This place is really a dive right along busy NE Sandy Blvd., and I initially missed the turn when trying to find it the first time. But no problems navigating back and finding parking. The inside feels dated, complete with the vintage menu letterboards. Doing a little research, prices indeed increased over the last couple of years, but that's nothing out of the ordinary.
There are five different types of cheesesteaks on the menu, each with a half ($6.25) or whole ($11) option. #1 is the original with provolone, #2 is the Philly Philly with cream cheese, #3 is the Portland version using Tillamook cheddar, #4 uses white American cheese, and #5 brings the Kraft Cheez Whiz into the picture. You can get steak, chicken, or a gluten (vegetarian?) product. Mushrooms cost a little extra ($1.25 half, $2.25 whole).
My king-sized appetite easily meant a whole torpedo-sized cheesesteak was going down the gullet. I got the whole Original cheesesteak with provolone, adding onions, sweet peppers, and hot peppers. It came wrapped in aluminum foil, then wrapped again in white butcher's paper.
|Cheesesteak came with free bag of house-made potato chips!|
|Original with Provolone|
(Grant's Philly Cheese Steaks)
This is another reason why the Amoroso roll has been the predominant bread for cheesesteaks over the years. Even as the delicious, juicy, minced beef oozed excess juice out of the roll, the bread refused to collapse. The perfectly melted provolone literally acted as a glue, keeping all the steak attached to the bread. Try as I might, nothing freely fell out. While this spicy-loving panda probably will opt for just hot peppers next time (trust me, they wouldn't register on the spice-o-meter here anyway), the sweet peppers were still a very welcome addition to the party. While I love the Kraft Cheez Whiz option, I've become a big provolone fan lately.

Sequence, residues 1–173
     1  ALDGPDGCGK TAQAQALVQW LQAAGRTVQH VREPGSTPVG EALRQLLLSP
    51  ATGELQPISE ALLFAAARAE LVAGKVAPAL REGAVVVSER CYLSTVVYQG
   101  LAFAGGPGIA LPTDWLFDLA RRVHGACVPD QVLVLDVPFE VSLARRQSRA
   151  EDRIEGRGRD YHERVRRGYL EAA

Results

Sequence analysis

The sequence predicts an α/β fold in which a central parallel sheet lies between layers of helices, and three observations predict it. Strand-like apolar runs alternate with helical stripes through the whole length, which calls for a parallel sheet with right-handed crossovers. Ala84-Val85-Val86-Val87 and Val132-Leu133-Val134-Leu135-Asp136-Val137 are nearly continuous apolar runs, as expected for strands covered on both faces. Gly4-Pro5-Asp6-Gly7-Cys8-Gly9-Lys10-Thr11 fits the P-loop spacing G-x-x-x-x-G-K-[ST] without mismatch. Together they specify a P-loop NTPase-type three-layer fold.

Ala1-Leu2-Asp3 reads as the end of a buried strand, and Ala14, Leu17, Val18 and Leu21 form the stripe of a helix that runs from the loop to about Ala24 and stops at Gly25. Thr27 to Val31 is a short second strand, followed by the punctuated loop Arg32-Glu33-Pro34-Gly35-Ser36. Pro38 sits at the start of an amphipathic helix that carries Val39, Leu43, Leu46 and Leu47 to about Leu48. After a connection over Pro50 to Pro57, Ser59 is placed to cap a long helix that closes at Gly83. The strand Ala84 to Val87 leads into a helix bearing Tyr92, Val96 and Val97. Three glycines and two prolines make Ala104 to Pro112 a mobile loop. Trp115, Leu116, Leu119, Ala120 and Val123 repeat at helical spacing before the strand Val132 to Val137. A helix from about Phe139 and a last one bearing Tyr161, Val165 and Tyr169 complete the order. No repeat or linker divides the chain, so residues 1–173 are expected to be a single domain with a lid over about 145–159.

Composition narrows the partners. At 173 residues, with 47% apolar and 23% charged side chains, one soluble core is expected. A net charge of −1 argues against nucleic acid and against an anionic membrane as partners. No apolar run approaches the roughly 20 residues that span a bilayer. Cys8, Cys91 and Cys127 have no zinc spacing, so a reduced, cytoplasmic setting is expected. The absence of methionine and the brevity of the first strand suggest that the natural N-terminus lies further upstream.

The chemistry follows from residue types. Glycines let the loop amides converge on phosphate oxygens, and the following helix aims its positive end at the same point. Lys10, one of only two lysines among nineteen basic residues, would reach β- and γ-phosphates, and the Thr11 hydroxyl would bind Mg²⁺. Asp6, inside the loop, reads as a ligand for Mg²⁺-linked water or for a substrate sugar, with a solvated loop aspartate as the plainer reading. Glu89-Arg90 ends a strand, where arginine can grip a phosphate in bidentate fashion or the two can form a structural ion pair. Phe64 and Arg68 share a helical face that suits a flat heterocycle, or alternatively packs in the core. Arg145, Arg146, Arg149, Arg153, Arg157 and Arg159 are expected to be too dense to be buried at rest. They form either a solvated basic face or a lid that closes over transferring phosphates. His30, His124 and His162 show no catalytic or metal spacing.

I actually told myself on the drive home that I'd save half for tomorrow. But damn, this was so good, I instinctively ate it all. Another foot-long sandwich (or roughly thereof) down the hatch. My stomach wasn't even satisfied and would have demanded another whole cheesesteak on the spot. No flinching.
Alas, my wallet isn't as cooperative. While this is a phenomenal product, I'm still left wondering if I would return to the area, plop down (at least) $11 more, and get my fill. Chances are I'd need to delve into the two-cheesesteak realm to even have a legit shot at getting full. Why does my abyss of a stomach want me poor?!
Along the same lines, my abnormally large appetite would have probably wanted more meat and cheese; this cheesesteak is again more torpedo-shaped (long and rather slim). The flavors were spot-on.
Each cheesesteak at Grant's comes with a free bag of house-made salt and pepper potato chips. They looked like the kettle chips I really enjoyed growing up. Perfect crunchy chips that I could eat again and again. While it could be excess pepper for some people, that's not the case with me. After all, I remember practically emptying the pepper shaker when seasoning my fries in high school. Would you like fried potatoes with your pepper? Yes!
|Might be a bunch of black pepper for some, but not me!|
|It's-It ice cream sandwiches!|
No clue why it took me so long to get down there, but I'm glad I went. Grant's indeed has outstanding cheesesteaks. They also have a nice-sized burger made with ground chuck, but with four other delicious cheesesteaks to choose from (not including the chicken and gluten options), I may need a wheelbarrow and a taxi to get me back to Washington. 8.75/10